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Woman Whose Body Is Covered 80% in Birth Marks Was Called 'Ugly Spotted Dog'

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Society is an interesting place.

On one hand, it encourages us to be unique — but only in very particular ways. When our differences don’t fall into a very narrow description, it can unfortunately lead to ostracism.

That’s most clear when those differences are physical and obvious. One woman who knows that well is Ciera Swaringen from Rockwell, North Carolina, who believes that “true beauty is being able to accept you for the way you were meant to be.”

Swaringen was born with a rare condition affecting about one in every 500,000 people, known as Giant Congenital Melanocytic Nevus.

Her particular variety is known as “bathing trunk nevus,” which means her body has what is basically a very large mole as well as lots of smaller, “satellite” moles.

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In total, Swaringen estimates moles cover 80 percent of her body.

Now 23, Swaringen has embraced her unique looks, but it wasn’t always so easy. She submitted her story to Love What Matters to talk about her journey and encourage others who face similar hurdles.

“This is the story of my life and my journey to loving myself,” she began.



She was 8 years old when she realized that people were commenting on her looks and staring at her because of her condition, and by the time she was 12, it started to lead her down a path of depression and anxiety.

Thankfully, since the town she was raised in was close-knit, she grew up with the same group of kids who mostly accepted her for how she was. But during basketball games with other schools, some people treated her coolly.

“We would line up after a game and high-five each other and compliment each other with ‘good game,'” she wrote. “A few girls would remove their hand from the line because they didn’t want to touch my hand.”

That was painful through omission, but she also recalls a time when someone explicitly called her a horrible name.

“There was also a time I was riding the school bus home and the kids in the seat in front of me were picking on another kid,” she continued. “I stepped in and said something about them needing to quit and as a result, I was called an ‘ugly spotted dog’ by one of the kids.

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“The school and his parents made him apologize later, but that doesn’t change the hurt I felt at the time.”



For some time, she tried to deal with the looks, comments and general feeling of other-ness by ignoring it. Soon, though, she realized that burying her feelings was leading to a slow shutdown in other areas of life.

“I didn’t enjoy going to new places,” she wrote. “I would physically and mentally shut down if I tried to even go into a restaurant I had never been to.”

She credits a high school assignment with helping her open up about her conditions.

“When I was in high school, I had to choose a topic for my graduation project. I chose Neurocutaneous Melanocytosis, which is another condition I have. This is a secondary condition to GCMN, only this one is internal.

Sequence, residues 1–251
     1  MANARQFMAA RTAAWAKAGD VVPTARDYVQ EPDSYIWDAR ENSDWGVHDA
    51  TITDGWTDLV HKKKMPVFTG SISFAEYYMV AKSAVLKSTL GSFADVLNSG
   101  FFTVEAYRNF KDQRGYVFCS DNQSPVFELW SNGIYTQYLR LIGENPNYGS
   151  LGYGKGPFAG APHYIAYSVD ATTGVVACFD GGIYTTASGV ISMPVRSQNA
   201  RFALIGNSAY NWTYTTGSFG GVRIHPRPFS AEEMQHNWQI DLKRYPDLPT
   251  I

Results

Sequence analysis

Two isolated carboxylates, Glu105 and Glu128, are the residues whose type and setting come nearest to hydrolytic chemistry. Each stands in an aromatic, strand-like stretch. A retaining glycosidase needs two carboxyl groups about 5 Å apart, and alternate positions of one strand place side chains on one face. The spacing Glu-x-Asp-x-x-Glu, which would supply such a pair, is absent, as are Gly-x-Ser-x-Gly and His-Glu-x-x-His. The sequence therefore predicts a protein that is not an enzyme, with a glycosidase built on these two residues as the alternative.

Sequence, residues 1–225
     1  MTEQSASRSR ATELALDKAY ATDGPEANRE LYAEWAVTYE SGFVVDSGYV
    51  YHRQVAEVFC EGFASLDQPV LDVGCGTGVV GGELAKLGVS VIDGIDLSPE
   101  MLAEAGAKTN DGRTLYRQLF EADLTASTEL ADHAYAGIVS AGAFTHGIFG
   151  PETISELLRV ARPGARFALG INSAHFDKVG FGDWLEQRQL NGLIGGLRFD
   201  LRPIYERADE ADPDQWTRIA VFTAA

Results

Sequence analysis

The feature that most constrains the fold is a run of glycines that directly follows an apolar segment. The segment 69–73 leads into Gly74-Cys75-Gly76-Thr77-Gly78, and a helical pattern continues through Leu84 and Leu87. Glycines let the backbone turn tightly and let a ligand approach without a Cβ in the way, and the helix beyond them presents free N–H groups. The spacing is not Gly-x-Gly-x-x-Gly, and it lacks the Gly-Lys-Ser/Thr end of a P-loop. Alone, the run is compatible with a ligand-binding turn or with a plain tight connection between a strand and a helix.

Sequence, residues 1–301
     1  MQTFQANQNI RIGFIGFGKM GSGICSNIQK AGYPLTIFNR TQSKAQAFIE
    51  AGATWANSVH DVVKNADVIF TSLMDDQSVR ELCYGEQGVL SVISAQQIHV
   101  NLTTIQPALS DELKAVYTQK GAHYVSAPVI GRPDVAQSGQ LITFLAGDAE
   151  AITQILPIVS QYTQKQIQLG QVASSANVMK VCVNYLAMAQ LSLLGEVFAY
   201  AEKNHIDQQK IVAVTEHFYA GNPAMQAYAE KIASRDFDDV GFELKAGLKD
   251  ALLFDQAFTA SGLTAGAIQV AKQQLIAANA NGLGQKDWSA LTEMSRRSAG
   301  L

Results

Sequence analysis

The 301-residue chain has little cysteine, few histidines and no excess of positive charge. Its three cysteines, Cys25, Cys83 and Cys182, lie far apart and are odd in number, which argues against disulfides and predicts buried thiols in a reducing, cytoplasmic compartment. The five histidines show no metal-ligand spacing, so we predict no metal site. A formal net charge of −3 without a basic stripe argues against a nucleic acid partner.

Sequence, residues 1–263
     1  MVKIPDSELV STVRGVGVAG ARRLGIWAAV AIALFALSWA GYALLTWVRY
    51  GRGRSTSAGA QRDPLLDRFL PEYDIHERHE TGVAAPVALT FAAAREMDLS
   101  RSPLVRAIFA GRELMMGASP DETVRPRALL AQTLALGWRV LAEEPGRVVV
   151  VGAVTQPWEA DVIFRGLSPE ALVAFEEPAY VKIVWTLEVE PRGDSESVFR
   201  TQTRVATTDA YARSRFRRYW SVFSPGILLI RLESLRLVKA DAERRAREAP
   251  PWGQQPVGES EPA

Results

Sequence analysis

“It is where pigmentation is present on the brain and central nervous system. I had to write a 10-page paper about it and give a presentation on the information. This is what helped me come to love who I was and the way I was born.”

Another step in not just accepting but embracing herself was when she posted a photo of herself in a swimsuit on Instagram.

“I remember posting it and using a whole bunch of hashtags so I could reach all kinds of people,” she said. “The purpose of the post was to raise awareness about being different and being able to love yourself for the skin that you’re in. And I did just that.”



She says that her experiences helped her grow, and now she wants others to learn to love themselves and others, too.

“I was born with a skin condition for a reason. It made me who I am. Everyone has a purpose, everyone has a reason, and everyone should love themselves for who they are. All the trials and battles we face make us who we are,” she said.

“The most important piece of advice I can give to anyone is to love yourself for who you are,” Swaringen concluded.

“Love yourself with everything that makes you different.

“Everyone is born to stand out in their own way. Everyone has insecurities, whether they are visible or not. Be kind to everyone, even if they are mean to you. The best revenge is happiness, so stay strong and happy. Love yourself and everyone around you.”

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Amanda holds an MA in Rhetoric and TESOL from Cal Poly Pomona. After teaching composition and logic for several years, she's strayed into writing full-time and especially enjoys animal-related topics.
As of January 2019, Amanda has written over 1,000 stories for The Western Journal but doesn't really know how. Graduating from California State Polytechnic University with a MA in Rhetoric/Composition and TESOL, she wrote her thesis about metacognitive development and the skill transfer between reading and writing in freshman students.
She has a slew of interests that keep her busy, including trying out new recipes, enjoying nature, discussing ridiculous topics, reading, drawing, people watching, developing curriculum, and writing bios. Sometimes she has red hair, sometimes she has brown hair, sometimes she's had teal hair.
With a book on productive communication strategies in the works, Amanda is also writing and illustrating some children's books with her husband, Edward.
Location
Austin, Texas
Languages Spoken
English und ein bißchen Deutsch
Topics of Expertise
Faith, Animals, Cooking




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